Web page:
Five Deadly Venoms (1978, Directed by Chang Cheh) Mandarin 9

Starring Chiang Sheng, Sun Chien, Kuo Chui, Lo Mang, Wei Pai, Lu Feng, Ku Feng, Dick Wei

Five Deadly Venoms – We've Got (Back) Issues

(9-Great Film)

Awesome. Efficient. Indelible.

Yang Tieh: Poison Clan Rocks the world!

Some films don’t need to be intellectualized. Five Deadly Venoms is a film that knows its intent and is perfect in its execution. Wasting no time with lengthy exposition, the opening gives us the only explanation we ever receive and lays out what’s to come. The dying master of the powerful Poison Clan expresses his fears to his newest pupil, Yang Tieh. Having taught five pupils before Yang Tieh, each assuming a different style coined after a venomous animal (centipede, scorpion, snake, toad, lizard) the master fears that some, if not all, of his students are using the skills he taught them for evil. His last request is for Yang Tieh to take out any Poison Clan members who’ve been corrupted. The remainder of the movie blends mystery, intrigue, and kung fu in a way I personally haven’t seen before. It’s incredibly entertaining and the five deadly venoms, each with their distinct characteristics are unforgettable. Fantastic flick.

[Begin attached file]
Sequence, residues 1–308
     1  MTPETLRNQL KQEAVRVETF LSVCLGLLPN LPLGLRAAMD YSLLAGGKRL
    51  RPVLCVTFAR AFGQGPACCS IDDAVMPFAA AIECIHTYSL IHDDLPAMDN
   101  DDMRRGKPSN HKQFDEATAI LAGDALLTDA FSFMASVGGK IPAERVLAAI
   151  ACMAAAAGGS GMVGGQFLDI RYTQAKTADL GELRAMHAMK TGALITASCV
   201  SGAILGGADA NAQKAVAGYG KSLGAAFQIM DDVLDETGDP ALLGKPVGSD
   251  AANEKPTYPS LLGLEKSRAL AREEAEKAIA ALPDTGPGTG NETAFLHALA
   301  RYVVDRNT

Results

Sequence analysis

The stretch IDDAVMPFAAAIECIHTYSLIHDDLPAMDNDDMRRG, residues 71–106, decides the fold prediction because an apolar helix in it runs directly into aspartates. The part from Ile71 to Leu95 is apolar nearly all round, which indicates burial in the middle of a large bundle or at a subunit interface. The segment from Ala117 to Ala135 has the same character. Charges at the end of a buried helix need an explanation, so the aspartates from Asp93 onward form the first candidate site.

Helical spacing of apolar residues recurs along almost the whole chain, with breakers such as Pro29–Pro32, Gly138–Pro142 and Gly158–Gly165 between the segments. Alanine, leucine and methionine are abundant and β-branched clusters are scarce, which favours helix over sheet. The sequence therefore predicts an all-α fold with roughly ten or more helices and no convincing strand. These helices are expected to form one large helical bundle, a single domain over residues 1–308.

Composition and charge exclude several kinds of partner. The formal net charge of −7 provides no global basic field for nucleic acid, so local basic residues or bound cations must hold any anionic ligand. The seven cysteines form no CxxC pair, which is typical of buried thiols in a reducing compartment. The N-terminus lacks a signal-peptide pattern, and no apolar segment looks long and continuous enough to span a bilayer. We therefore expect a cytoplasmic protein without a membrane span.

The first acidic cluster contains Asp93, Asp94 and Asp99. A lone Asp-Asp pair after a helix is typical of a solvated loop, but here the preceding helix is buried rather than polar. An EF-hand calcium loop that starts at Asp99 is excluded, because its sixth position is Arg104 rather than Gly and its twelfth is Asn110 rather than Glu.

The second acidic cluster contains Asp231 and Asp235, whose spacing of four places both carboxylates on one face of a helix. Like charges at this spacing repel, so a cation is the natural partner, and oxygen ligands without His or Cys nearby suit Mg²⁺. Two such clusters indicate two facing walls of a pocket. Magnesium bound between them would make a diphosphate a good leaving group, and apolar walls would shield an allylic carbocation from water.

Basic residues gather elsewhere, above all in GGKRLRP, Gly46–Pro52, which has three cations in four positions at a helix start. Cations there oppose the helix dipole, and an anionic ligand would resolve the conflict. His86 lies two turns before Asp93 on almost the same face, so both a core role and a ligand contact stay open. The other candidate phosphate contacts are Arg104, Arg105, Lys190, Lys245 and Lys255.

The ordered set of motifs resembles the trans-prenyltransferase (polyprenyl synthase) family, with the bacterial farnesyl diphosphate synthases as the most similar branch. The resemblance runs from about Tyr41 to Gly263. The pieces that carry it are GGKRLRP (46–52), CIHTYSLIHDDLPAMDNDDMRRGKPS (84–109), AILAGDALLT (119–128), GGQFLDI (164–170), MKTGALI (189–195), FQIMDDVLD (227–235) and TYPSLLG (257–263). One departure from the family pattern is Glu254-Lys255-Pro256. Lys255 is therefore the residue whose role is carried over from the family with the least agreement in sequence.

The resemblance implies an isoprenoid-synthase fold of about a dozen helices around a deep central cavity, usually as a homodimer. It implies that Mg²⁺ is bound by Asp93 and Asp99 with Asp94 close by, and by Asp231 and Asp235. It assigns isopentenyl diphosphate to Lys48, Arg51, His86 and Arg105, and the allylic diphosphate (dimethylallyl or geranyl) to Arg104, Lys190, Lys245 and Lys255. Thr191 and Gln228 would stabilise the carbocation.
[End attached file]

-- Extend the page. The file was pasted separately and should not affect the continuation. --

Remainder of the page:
-Walter Tyrone Howard-

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Sleeping Beauty (1959, Directed by Clyde Geronimi) English 5

Voices of Mary Costa, Bill Shirley, Eleanor Audley, Bill Thompson, Verna Felton, Barbara Luddy, Barbara Jo Allen

How Disney's Sleeping Beauty (1959) Solidified Animation as an Art Form

(5-Okay Film)

Bland. Superficial. Humorless.

Princess Aurora: Well, I’m really not supposed to speak to strangers, but we’ve met before.